In business, simple loyalty programs can strongly increase customer retention, Washington University in St. Louis researchers have found. And when the U.S. economy edges closer to normal following the global coronavirus pandemic, such programs may be a method to help businesses get back on their feet.
Olin Business School researchers studied a loyalty program at a chain of men’s hair salons, collecting data on more than 5,500 customers. Under the program, for every $100 a customer spends, he gets a $5-off coupon.
“This loyalty program did increase loyalty,” said Raphael Thomadsen, professor of marketing. “In fact, the size of the effect is incredibly large given the simplicity of the program.”
The program — also known as a rewards program — increased the lifetime value of the hair salons’ customers by 29%, with more than 80% of that lift coming from increased customer retention, the researchers found.
The increased lift happened despite the fact that coupon redemption was low, suggesting that psychological factors rather than rational economic factors are driving the results.
“For example, the presence of the rewards program can make the customer feel emotionally connected to a particular firm, which leads to the customer visiting the firm more often,” the authors write in “Can Non-tiered Customer Loyalty Programs Be Profitable?” The paper is under minor revision at Marketing Science.
Co-authors of the paper include Yulia Nevskaya, assistant professor of marketing at Olin, Arun Gopalakrishnan of Rice University and Zhenling Jiang of Georgia State University. Both Gopalakrishnan and Jiang have Olin ties. Gopalakrishnan was an Olin assistant professor of marketing from 2015-19. And, last year, Jiang received her PhD in marketing from Olin.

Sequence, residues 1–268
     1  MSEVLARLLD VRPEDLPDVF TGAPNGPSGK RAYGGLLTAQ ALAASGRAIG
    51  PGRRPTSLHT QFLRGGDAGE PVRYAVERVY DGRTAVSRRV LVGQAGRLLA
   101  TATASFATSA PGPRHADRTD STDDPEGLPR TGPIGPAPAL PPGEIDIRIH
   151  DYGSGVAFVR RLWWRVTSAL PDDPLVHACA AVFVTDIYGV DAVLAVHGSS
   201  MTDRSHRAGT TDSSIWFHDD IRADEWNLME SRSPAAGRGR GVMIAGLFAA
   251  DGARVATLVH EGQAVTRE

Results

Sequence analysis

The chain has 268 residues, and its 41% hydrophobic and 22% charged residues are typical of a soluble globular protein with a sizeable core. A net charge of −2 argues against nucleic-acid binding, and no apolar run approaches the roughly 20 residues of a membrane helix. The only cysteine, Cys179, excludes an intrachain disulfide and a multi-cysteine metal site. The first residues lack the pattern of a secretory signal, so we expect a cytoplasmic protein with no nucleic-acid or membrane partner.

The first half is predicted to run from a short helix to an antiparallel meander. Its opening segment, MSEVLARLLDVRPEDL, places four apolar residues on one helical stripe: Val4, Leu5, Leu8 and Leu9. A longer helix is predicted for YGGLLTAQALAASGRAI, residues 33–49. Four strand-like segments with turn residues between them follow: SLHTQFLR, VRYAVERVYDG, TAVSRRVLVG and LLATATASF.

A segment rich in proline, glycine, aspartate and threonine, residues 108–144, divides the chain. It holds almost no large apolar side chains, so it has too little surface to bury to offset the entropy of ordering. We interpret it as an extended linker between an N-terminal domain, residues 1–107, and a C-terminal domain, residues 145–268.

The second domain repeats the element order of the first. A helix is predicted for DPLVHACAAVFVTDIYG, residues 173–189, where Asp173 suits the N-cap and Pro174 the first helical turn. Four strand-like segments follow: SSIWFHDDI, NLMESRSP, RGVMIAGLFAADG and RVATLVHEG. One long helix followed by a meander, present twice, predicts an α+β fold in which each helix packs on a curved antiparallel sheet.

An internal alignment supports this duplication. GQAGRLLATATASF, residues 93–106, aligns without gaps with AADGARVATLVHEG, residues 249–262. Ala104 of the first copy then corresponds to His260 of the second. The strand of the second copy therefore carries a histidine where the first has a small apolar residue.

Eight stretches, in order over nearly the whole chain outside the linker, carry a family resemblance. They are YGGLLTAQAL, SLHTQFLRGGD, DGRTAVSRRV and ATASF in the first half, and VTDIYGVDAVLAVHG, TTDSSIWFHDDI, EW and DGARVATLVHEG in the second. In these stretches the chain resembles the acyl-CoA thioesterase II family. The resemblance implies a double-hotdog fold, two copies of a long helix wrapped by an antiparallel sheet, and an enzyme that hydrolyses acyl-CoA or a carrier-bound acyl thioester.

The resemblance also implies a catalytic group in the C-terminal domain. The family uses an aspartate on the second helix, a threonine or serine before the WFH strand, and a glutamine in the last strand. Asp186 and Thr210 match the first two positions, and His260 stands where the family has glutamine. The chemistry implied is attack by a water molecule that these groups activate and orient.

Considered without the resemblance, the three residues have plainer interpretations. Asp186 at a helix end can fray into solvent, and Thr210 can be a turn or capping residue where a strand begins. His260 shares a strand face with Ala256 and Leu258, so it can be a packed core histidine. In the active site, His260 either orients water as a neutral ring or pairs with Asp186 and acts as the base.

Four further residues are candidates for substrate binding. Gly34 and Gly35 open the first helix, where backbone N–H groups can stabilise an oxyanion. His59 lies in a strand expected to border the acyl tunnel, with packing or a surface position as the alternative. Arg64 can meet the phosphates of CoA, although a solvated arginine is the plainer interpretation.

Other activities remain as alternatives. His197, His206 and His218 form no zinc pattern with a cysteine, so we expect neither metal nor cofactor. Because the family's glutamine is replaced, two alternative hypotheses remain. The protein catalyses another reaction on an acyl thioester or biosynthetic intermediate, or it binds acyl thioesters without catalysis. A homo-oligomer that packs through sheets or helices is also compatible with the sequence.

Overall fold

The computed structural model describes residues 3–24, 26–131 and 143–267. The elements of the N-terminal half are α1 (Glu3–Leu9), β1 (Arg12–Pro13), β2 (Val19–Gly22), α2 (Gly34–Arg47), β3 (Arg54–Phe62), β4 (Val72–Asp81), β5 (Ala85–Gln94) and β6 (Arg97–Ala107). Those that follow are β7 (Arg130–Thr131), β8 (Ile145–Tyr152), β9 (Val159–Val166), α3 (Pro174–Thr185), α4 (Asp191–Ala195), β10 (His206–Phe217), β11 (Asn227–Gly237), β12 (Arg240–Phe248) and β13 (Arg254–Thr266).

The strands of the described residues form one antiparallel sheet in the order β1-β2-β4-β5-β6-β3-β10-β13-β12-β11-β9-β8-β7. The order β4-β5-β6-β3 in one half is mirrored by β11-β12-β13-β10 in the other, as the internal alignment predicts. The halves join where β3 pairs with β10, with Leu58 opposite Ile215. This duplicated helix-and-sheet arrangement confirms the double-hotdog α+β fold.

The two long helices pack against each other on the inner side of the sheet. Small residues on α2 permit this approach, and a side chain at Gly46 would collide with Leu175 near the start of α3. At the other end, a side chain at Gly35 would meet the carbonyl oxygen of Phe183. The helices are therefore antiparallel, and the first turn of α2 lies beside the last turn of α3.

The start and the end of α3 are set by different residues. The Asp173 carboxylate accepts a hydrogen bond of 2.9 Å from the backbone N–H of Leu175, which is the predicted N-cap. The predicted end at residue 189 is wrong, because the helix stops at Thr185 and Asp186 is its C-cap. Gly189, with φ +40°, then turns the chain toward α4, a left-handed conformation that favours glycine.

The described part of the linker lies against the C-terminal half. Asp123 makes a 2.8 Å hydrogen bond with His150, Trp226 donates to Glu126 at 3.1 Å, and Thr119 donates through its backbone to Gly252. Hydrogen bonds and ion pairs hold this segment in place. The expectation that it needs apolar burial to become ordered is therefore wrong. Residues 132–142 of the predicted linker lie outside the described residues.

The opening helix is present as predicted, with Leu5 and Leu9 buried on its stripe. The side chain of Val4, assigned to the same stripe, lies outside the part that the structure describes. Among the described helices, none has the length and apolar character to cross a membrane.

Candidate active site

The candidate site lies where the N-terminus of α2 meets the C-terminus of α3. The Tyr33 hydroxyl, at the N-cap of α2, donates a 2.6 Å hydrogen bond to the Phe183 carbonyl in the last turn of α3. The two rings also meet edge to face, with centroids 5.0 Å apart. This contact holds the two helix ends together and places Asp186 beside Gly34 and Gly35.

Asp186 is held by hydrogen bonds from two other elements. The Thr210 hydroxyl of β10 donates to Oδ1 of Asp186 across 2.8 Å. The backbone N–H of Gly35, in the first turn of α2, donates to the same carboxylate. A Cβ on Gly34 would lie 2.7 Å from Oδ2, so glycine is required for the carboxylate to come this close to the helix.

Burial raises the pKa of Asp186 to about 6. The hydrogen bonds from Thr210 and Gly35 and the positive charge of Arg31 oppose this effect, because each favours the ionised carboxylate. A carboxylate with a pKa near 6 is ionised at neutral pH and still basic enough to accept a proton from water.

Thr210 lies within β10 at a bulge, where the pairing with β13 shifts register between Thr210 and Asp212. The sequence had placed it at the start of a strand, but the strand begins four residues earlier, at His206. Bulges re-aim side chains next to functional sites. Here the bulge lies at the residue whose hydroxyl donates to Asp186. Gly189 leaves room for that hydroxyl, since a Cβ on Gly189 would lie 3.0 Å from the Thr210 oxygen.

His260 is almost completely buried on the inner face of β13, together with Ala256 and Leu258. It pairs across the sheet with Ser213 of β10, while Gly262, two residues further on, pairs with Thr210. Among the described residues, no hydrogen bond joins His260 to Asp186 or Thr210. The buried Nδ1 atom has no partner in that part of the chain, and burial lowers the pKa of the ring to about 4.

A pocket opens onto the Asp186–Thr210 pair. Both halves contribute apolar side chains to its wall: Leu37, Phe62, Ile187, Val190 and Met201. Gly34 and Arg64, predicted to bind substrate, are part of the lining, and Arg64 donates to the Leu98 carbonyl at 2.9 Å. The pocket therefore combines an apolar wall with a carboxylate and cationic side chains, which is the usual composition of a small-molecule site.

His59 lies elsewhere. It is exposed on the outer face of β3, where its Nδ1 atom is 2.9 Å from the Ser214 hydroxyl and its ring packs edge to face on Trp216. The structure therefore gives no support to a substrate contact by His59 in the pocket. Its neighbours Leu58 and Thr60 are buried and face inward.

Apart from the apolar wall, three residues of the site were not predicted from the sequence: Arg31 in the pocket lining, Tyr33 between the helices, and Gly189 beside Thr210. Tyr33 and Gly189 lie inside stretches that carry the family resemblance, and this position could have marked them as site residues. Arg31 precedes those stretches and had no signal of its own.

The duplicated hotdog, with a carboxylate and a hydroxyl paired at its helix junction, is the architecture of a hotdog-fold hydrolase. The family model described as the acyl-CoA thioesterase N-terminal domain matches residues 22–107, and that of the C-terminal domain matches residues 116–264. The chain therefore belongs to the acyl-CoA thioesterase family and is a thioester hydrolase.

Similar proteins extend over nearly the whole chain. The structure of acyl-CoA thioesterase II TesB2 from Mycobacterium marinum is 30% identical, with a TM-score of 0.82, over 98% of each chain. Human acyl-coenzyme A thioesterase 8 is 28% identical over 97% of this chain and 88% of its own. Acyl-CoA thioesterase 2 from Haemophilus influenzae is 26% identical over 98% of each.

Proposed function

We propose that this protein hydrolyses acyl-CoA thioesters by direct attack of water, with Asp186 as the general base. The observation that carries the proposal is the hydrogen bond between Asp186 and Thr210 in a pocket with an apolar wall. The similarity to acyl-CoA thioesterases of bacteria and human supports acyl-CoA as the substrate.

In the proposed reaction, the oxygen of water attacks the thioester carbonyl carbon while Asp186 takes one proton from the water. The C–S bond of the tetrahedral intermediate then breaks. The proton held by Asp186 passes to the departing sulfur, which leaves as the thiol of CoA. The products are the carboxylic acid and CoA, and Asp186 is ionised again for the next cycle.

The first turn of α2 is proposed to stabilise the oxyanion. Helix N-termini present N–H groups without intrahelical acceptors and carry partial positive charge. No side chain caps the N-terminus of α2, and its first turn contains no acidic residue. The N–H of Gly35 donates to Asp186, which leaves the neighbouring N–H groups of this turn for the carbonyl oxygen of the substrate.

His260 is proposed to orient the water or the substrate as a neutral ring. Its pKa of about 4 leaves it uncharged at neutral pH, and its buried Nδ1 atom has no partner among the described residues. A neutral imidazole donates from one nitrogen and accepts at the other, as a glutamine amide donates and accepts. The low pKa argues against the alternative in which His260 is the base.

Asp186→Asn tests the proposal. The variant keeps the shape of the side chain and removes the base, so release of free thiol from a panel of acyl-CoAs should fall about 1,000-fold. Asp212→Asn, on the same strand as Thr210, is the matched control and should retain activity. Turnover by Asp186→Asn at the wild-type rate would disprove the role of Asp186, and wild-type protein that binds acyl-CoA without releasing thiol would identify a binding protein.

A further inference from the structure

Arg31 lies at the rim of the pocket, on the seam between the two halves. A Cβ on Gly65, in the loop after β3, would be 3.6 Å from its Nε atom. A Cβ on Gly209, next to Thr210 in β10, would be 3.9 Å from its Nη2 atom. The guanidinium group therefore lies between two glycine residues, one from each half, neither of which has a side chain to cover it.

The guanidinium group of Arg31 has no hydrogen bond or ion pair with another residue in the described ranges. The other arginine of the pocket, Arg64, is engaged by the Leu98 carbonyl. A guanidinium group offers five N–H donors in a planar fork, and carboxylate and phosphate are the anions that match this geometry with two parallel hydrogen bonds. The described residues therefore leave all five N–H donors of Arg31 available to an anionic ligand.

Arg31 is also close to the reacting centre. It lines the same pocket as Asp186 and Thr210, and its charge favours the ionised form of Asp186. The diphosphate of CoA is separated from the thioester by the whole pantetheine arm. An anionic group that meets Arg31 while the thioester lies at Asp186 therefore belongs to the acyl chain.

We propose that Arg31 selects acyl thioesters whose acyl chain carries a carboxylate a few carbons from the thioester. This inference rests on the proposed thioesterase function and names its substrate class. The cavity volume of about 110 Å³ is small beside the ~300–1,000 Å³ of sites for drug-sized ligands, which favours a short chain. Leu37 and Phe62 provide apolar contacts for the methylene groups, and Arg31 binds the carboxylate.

‘Even a simple program will add considerable value’
The researchers did not study the response to loyalty programs during the current economic crisis. But Thomadsen and Nevskaya agreed such a program could help businesses to recover.
“It is often easier for companies to get in touch with their loyalty program members than with other clients,” Nevskaya said. “That is another benefit of having a loyalty program. The right tone and message and being sensitive to likely shifting needs of consumers during and after the COVID-19 epidemic should definitely help.”
Loyalty programs are popular at many businesses. Some programs, such as those for airlines and hotel chains, are complex and include multiple tiers, and they’ve proven to be quite successful. But a vast number of loyalty programs are set up in much simpler ways, with no tiers.
Over time, managers and academics have questioned the efficacy of simple loyalty programs, finding they have little or no benefit, according to the paper. But previous studies contained a significant flaw, the authors say. Those measured the programs’ effectiveness by increased sales per customer visit or by increased visits. The flaw? They didn’t measure the programs’ impact on keeping customers.
The managerial implications of the findings are clear, Thomadsen said. Many businesses are not going to implement complex loyalty programs, either because of the scale of their businesses — think yogurt shops, pizza parlors, coffee houses — or because they philosophically oppose setting up a tiered system.
“Our research suggests that even a simple program is likely to work well,” he said. “Even if another business only gets half of the lift we get, a simple loyalty program will still add considerable value.”